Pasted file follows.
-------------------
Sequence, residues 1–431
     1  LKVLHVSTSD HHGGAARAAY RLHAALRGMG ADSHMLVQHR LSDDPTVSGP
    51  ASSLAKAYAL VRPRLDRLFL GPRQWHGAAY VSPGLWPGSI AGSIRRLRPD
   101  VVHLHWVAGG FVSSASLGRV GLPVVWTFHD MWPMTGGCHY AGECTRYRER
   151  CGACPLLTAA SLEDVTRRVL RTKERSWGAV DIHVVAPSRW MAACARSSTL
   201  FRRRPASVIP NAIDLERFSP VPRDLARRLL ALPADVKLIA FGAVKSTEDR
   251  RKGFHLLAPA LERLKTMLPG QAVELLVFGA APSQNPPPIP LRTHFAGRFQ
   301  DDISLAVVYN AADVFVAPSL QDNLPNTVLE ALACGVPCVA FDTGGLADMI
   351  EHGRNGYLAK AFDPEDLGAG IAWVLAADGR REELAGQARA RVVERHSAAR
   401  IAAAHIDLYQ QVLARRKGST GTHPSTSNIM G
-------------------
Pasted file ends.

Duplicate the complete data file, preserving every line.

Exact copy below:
Sequence, residues 1–431
     1  LKVLHVSTSD HHGGAARAAY RLHAALRGMG ADSHMLVQHR LSDDPTVSGP
    51  ASSLAKAYAL VRPRLDRLFL GPRQWHGAAY VSPGLWPGSI AGSIRRLRPD
   101  VVHLHWVAGG FVSSASLGRV GLPVVWTFHD MWPMTGGCHY AGECTRYRER
   151  CGACPLLTAA SLEDVTRRVL RTKERSWGAV DIHVVAPSRW MAACARSSTL
   201  FRRRPASVIP NAIDLERFSP VPRDLARRLL ALPADVKLIA FGAVKSTEDR
   251  RKGFHLLAPA LERLKTMLPG QAVELLVFGA APSQNPPPIP LRTHFAGRFQ
   301  DDISLAVVYN AADVFVAPSL QDNLPNTVLE ALACGVPCVA FDTGGLADMI
   351  EHGRNGYLAK AFDPEDLGAG IAWVLAADGR REELAGQARA RVVERHSAAR
   401  IAAAHIDLYQ QVLARRKGST GTHPSTSNIM G